During the liquid cool-down process resulting in the freezing of the residual liquid, dissolved non-condensible gas, such as a pressurant (e.g., helium, nitrogen, etc.) used to compress the fluid (e.g., propellant, reactant and/or coolant) in the container 22 will also separate out of the solution (e.g., pressurant separates from propellant) as the liquid temperature is lowered. It should be noted that the separation of non-condensible gas (i.e., out-gassing from the liquid) provides for the removal of dissolved gas contaminants from the liquid fluid, resulting in a liquid fluid that is gas free prior to the start of a fill operation. This out-gassing virtually eliminates the build-up of non-condensible gas inside the capillary screens of the container 22 and related storage system.

The container 22 as shown in FIG. 1 includes a diffuser 26, which in combination with a vent system having a vent valve 28, provides for venting of the non-condensible gas while the fluid in the container 22 is in a frozen state. Preferably, in order to prevent liquid fluid from freezing on the diffuser 26, which may prevent proper venting of the container 22, the diffuser 26 is thermally isolated from the container 22 and includes a heater (not shown) to maintain diffuser temperature above the liquid freezing point. It should be noted that the vent system may be provided in any suitable manner according to the requirements of the particular container 22 or system.

In operation in accordance with the present invention, the container 22 is preferably first chilled below the freezing point of residual fluid (i.e., liquid) within the container 22 using the heat exchanger 24. More preferably, the temperature of the container 22 is reduced to a level substantially below the freezing point of the residual fluid (i.e., liquid) therein. Following chill-down of the container 22 to a temperature below the freezing point of residual fluid (e.g., propellant, reactant and/or coolant) therein, venting of the container 22 using the vent valve 28 is provided. Essentially, the vent valve 28 is operated from a closed to an open position to allow venting of non-compressible gas to the atmosphere (e.g., space). It should be noted that because the liquid residual is solidified and remains attached to the container 22 wall, the pressure level of the container 22 can be reduced to space vacuum. Further, the elimination (i.e., a purging and venting) of all of the non-condensible gas (e.g., pressurant) from the container 22 prevents potential gas accumulation inside the liquid acquisition screen channels. Purging of gas from the liquid acquisition system provides proper subsequent liquid re-fill of the zero gravity surface tension acquisition system.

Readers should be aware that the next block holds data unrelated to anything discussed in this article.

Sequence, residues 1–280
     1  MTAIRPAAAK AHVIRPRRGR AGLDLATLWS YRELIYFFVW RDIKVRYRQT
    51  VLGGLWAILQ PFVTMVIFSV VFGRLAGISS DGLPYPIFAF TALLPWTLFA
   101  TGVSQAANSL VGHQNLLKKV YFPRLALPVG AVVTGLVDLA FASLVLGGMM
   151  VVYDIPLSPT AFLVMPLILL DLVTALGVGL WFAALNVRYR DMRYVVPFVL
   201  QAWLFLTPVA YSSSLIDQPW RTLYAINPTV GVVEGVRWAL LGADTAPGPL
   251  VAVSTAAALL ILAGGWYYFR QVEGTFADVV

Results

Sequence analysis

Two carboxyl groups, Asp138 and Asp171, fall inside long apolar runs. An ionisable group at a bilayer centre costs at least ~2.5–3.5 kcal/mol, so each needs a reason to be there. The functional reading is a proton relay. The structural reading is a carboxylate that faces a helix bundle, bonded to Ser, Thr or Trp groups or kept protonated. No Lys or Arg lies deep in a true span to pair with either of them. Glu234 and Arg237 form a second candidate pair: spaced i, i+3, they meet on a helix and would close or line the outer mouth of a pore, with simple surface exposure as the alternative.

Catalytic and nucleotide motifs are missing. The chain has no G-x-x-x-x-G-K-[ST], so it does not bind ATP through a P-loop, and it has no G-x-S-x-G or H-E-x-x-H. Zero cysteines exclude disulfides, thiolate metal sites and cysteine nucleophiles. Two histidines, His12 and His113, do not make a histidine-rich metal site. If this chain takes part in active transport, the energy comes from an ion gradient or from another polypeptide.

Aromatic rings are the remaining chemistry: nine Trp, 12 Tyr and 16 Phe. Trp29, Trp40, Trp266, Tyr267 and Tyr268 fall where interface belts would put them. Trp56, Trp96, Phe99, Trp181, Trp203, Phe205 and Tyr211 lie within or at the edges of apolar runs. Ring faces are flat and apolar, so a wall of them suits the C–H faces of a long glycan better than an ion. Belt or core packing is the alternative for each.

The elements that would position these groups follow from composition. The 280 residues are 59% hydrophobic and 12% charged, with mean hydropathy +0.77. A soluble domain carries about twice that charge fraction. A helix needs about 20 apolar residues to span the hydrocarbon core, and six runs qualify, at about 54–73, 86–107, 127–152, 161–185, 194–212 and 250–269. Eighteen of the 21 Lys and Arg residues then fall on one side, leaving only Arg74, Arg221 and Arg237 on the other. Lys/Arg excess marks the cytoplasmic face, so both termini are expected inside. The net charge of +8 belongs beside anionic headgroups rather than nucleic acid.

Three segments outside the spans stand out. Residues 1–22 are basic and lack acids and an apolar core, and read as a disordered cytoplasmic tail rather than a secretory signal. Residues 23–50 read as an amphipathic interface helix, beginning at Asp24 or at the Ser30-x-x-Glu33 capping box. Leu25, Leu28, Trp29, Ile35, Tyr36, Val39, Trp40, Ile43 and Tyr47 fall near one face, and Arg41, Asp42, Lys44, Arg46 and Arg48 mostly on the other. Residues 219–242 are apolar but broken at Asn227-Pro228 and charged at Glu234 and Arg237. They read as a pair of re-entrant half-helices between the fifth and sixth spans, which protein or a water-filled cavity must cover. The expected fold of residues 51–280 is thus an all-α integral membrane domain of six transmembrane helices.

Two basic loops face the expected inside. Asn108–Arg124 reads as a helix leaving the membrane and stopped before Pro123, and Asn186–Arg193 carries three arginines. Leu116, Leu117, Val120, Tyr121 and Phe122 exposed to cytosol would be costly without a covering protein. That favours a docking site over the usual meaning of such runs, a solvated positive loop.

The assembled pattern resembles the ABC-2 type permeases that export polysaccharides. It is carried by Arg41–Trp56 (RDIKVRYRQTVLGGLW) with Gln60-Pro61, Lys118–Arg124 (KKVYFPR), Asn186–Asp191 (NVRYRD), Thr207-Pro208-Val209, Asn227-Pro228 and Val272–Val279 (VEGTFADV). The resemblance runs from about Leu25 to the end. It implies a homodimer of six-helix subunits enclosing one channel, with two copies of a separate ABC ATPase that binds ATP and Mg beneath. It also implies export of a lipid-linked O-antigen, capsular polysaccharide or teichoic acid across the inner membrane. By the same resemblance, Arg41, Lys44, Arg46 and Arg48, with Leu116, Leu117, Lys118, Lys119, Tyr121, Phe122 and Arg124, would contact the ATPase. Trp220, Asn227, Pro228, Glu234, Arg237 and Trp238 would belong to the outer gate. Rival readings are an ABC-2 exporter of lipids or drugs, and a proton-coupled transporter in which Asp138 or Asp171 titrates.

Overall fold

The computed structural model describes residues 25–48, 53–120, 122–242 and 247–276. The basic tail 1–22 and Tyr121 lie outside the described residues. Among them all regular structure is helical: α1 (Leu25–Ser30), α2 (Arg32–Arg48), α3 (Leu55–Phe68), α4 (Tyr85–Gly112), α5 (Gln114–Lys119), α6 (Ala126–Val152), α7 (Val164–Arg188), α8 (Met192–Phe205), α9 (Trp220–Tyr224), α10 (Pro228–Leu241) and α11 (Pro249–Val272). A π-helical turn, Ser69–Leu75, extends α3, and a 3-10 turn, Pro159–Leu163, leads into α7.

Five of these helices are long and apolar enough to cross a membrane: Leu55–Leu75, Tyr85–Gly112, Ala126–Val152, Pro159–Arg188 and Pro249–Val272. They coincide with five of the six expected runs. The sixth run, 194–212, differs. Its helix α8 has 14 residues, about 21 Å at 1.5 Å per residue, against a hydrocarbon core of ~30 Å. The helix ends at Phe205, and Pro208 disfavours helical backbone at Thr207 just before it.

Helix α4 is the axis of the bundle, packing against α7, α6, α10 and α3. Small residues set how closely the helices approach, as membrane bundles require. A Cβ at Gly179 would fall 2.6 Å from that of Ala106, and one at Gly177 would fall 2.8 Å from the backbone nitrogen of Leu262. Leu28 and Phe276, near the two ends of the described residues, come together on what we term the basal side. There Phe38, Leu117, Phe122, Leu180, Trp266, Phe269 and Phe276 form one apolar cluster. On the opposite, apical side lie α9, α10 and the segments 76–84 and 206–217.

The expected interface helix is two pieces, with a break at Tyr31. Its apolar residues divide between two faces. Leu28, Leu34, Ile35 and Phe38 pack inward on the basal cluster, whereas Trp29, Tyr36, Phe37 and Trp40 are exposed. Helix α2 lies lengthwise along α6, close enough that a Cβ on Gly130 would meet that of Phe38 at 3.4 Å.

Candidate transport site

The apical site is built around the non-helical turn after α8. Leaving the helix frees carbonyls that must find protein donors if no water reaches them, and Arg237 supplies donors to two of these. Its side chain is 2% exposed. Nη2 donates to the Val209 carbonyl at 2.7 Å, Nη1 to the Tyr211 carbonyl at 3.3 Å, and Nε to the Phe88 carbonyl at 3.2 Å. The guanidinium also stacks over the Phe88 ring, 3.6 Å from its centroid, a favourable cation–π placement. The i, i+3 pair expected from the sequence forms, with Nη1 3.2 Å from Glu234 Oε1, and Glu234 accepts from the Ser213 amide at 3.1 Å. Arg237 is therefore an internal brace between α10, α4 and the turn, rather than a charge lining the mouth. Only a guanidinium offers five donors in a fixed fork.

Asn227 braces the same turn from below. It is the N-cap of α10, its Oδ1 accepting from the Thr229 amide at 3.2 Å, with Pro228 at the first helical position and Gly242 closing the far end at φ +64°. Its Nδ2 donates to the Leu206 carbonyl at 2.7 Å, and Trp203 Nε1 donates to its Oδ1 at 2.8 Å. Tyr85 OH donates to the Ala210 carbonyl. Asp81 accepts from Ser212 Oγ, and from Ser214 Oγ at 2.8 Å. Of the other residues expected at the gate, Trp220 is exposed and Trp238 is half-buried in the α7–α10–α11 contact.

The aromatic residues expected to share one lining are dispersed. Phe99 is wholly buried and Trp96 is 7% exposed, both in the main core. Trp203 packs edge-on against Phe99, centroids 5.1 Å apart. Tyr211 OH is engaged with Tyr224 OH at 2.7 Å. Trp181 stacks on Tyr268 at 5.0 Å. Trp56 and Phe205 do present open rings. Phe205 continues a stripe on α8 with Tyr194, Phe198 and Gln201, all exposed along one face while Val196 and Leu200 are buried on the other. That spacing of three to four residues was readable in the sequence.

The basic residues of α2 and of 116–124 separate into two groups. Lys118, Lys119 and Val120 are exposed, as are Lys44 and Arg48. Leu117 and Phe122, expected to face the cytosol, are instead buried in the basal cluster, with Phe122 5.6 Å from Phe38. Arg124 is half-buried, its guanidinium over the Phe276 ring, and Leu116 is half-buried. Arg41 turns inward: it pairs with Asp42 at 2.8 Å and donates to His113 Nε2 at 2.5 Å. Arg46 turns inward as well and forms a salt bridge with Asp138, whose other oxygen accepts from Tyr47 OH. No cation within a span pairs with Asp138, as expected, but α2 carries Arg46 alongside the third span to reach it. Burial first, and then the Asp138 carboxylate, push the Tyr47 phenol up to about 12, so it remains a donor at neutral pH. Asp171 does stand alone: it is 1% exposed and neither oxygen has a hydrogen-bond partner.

After completion of the venting process (i.e., removal of non-compressible gas), the container 22 is locked (i.e., vent valve 28 operated to a closed position) and the temperature is increased (i.e., heat allowed to return to the container 22) to the liquid temperature of the residual fluid. In one embodiment, heating of the container 22 is provided gradually through normal environmental heat leak. In an alternate embodiment, an accelerated heating process is provided using wall heaters (not shown) provided to the container 22, which typically already exist in, for example, storage containers in connection with which the present invention may be constructed (e.g., propellant, reactant and/or coolant storage containers).